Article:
What grief does to you

I’ve been reading about how the family members of the 12 miners killed in West Virginia are lashing out at the officials who miscommunicated with them.

The tragedy is that these men died, not that they were led to believe for a short time that their loved ones were alive. A big deal is being made of the timeline of how the families were informed and why it took 3 hours. A wasted exercise.

Advice to the officials: let it go. Stop trying to explain yourselves. Right now, you are not going to get these poor people to feel better about what you did or didn’t do in communicating with them. They’re going to lash out at you. Let them.

These families are not really mad at the officials. They’re grieving, and anger is a natural part of the process. Years from now they are going to look back on that night and realize that they behaved irrationally. If you speak to someone shortly after they’ve suffered a loss, don’t take anything they say personally. They are literally out of their minds.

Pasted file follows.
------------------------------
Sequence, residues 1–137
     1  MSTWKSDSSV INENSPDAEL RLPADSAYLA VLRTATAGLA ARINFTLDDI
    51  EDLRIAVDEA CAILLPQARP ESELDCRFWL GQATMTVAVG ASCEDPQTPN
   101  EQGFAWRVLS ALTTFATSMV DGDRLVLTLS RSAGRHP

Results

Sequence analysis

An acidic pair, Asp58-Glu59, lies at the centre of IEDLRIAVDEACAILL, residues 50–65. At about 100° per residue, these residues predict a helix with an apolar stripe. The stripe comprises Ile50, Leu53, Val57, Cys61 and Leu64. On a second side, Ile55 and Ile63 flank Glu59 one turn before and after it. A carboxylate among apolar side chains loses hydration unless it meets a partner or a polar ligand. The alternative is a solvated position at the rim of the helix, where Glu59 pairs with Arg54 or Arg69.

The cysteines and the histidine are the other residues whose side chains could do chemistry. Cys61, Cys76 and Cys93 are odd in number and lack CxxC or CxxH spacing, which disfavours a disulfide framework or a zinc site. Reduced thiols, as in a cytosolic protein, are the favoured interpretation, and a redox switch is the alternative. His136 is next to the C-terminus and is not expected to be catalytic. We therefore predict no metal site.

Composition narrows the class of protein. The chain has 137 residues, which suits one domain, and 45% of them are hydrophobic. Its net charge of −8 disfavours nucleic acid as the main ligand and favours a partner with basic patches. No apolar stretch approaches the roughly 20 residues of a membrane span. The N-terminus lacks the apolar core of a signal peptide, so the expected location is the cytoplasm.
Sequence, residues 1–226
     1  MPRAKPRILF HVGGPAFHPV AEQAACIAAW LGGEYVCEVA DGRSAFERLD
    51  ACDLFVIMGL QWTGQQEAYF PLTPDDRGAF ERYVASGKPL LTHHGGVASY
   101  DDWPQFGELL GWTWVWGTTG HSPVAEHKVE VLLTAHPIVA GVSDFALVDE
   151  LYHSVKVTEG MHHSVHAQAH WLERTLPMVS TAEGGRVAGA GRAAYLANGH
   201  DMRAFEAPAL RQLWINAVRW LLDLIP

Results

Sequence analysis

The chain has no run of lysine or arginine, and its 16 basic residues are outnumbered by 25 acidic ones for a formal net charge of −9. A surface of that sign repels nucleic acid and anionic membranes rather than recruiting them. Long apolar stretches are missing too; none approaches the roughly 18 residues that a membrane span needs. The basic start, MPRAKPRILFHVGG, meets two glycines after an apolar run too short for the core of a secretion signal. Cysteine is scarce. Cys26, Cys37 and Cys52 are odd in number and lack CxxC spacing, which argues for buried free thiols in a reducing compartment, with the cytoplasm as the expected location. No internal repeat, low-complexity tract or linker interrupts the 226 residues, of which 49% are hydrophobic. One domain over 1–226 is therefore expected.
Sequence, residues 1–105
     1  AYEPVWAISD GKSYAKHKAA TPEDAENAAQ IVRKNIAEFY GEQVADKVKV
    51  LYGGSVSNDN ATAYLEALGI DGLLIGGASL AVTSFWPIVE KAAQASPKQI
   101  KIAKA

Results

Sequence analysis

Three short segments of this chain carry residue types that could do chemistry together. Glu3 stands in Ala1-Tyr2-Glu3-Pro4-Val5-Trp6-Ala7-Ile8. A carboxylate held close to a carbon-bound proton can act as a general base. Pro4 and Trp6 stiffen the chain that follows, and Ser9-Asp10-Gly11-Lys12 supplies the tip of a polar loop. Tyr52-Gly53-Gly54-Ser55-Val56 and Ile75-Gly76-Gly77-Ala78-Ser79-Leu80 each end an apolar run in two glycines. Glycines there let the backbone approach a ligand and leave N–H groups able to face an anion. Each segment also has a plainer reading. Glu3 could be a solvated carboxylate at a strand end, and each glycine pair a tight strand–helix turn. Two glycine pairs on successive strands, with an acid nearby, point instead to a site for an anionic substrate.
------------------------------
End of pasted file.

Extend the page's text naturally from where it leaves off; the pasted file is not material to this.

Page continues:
The anger phase of grief is not like ordinary anger. It’s raw. I don’t think that is stated clearly enough when describing it. Most references to it only talk about anger at the person who died, and there’s that…but from my personal experience and watching others go through it that isn’t the whole story. Maybe anger at the person who died comes a little later. Immediately, you’re furious at the telemarketer who calls for the person who died. At the relative who made a comment that you would otherwise brush off. At the official who through a logical chain of events gave you the wrong information for all the right reasons.